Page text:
The Labor Department has proposed new rules on employee benefit plan proxy voting intended to “clarify” duties for Employee Retirement Income Security Act fiduciaries, specifically making sure that any vote they make must have an “economic impact on the plan.” Interested parties will have a 30-day comment period to respond.
Due to confusion with current rules, the department stated that the new proposed rules are intended to utilize industry comments to “build a public record” to help the agency make improvements to ensure that fiduciaries execute their duties “in an appropriate and cost-efficient manner when exercising shareholder rights.”
The Securities and Exchange Commission has been reviewing proxy rules as well, setting down rules for proxy advisory firms as well as proposing fiduciary rules for investment advisors.
“The proposed proxy rule would ensure that individuals responsible for the retirement savings of millions of American workers are voting proxies only where it is financially in the interest of the plan to do so,” said Secretary of Labor Eugene Scalia in a statement. “The proposal would provide clarity and further the prudent management of plan assets and resources.”
There are multiple trends for the reason of clarifying the rule, the department states:
- Increase in the percentage of corporate America’s stock held by, and plan assets managed by, institutional investors, diminishing the scope of proxy voting obligations attributable to ERISA fiduciaries.
- Broader diversification of ERISA plan assets.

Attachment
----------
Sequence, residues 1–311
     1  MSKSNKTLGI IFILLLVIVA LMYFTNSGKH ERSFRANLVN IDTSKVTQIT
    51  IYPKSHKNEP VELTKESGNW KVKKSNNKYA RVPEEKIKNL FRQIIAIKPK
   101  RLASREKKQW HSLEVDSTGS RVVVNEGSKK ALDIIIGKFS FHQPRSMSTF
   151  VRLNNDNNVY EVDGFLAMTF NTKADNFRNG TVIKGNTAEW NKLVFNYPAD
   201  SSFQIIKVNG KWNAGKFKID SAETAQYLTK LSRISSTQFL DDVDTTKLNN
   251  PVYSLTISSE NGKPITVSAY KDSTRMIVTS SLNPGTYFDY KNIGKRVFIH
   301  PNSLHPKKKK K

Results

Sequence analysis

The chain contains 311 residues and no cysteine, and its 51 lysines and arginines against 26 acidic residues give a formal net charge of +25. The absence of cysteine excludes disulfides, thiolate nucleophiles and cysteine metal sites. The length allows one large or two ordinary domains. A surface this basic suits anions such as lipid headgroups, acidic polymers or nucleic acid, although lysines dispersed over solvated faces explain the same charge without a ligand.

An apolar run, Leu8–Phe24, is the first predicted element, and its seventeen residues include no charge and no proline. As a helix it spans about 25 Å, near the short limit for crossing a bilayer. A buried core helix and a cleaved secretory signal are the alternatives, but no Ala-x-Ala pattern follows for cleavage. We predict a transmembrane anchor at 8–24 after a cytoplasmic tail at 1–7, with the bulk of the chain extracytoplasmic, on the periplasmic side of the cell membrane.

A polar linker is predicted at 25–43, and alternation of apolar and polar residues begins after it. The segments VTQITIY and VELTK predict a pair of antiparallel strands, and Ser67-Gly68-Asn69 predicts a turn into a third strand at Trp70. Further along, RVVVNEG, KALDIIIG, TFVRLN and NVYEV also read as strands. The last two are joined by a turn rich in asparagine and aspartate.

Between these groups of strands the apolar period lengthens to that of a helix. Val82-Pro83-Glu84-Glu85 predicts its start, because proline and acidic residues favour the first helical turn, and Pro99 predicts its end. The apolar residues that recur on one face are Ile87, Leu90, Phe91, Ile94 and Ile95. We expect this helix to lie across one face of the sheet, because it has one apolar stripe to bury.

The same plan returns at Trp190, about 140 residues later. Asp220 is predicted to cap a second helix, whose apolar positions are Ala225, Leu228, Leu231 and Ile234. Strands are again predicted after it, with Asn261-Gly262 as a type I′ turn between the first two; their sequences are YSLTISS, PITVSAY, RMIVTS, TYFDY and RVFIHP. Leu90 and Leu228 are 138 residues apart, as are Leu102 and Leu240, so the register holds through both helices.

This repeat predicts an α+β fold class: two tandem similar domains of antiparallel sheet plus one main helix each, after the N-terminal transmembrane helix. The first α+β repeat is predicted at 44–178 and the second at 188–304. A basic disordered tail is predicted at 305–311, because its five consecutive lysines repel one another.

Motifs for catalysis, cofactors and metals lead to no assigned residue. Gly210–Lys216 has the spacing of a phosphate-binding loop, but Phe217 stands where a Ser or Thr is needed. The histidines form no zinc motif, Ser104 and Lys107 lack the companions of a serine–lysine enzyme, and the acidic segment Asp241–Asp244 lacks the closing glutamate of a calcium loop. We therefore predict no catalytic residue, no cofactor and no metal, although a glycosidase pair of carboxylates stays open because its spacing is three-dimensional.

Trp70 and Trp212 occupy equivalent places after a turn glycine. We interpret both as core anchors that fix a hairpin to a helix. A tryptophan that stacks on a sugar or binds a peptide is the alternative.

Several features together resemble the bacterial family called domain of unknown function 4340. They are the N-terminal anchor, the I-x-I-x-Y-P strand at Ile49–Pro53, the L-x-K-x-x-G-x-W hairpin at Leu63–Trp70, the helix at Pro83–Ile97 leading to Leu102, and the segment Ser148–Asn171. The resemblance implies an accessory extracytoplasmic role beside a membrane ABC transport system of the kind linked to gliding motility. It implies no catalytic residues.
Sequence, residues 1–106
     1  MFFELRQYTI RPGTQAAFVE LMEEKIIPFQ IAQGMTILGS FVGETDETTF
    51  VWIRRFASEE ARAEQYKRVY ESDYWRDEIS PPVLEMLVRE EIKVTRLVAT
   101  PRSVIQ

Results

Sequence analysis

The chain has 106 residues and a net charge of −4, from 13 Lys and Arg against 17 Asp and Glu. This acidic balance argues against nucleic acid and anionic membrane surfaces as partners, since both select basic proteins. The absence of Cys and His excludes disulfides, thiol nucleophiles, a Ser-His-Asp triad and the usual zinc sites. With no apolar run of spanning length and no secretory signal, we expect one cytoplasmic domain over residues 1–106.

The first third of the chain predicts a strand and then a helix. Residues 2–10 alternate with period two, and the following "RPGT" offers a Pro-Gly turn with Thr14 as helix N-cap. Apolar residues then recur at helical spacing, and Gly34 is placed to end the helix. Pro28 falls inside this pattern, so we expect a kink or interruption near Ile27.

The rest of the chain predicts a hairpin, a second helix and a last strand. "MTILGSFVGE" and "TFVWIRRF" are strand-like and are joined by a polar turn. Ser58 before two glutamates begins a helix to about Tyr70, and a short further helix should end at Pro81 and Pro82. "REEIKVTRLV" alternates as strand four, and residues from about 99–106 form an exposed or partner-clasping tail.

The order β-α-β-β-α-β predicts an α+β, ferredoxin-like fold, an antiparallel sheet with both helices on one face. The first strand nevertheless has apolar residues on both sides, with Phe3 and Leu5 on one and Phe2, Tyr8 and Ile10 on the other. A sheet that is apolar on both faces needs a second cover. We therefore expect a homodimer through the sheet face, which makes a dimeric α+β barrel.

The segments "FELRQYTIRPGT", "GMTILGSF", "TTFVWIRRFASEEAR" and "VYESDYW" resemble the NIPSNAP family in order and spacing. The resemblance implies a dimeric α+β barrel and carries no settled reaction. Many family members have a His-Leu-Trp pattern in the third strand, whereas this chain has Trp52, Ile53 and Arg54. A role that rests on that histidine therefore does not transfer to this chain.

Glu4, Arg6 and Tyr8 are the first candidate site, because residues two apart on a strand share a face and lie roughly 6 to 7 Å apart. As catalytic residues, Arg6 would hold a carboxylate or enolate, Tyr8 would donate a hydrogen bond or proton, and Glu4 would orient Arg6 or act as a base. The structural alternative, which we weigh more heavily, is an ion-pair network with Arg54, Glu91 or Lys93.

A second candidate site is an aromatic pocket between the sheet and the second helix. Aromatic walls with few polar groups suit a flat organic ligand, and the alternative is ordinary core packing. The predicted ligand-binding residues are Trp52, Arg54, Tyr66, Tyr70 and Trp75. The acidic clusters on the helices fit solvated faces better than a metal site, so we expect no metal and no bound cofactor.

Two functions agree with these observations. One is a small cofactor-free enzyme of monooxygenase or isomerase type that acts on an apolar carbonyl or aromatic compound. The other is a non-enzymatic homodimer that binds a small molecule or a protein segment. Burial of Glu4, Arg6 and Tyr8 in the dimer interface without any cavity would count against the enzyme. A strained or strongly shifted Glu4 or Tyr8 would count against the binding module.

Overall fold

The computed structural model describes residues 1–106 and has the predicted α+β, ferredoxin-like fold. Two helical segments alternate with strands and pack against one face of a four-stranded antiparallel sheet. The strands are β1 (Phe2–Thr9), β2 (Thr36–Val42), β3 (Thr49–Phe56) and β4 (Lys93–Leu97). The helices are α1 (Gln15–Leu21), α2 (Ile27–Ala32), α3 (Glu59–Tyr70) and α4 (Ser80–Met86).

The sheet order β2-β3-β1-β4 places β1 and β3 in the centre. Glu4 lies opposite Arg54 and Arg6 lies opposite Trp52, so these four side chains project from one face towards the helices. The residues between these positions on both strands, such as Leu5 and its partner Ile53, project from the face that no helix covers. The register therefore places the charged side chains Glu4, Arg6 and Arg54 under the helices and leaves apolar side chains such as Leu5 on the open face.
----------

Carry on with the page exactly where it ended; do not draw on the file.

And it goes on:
- Change in proxy voting behavior, that is, according to ISS Analytics “proxy voting policies are becoming more complex, as investors continue to add to the list of factors they consider in their review and analysis of governance practices, including board independence, board accountability, diversity, myriads of executive compensation 6F factors, shareholder rights, and environmental and social factors.”
- Mixed evidence on effectiveness of shareholder voting.
The proposal would require fiduciaries to vote on any proxy where the matter being voted on would have an economic impact on the plan. It also “prohibits” fiduciaries from voting any proxy that doesn’t have an economic impact on the plan.
It outlines “permitted practices” fiduciaries can use to streamline and adopt proxy voting policies. For example, determining whether not to vote by setting a cap such as percentage of ownership of the issuer and material impact on the plan. The department is soliciting whether a 5% cap would be appropriate.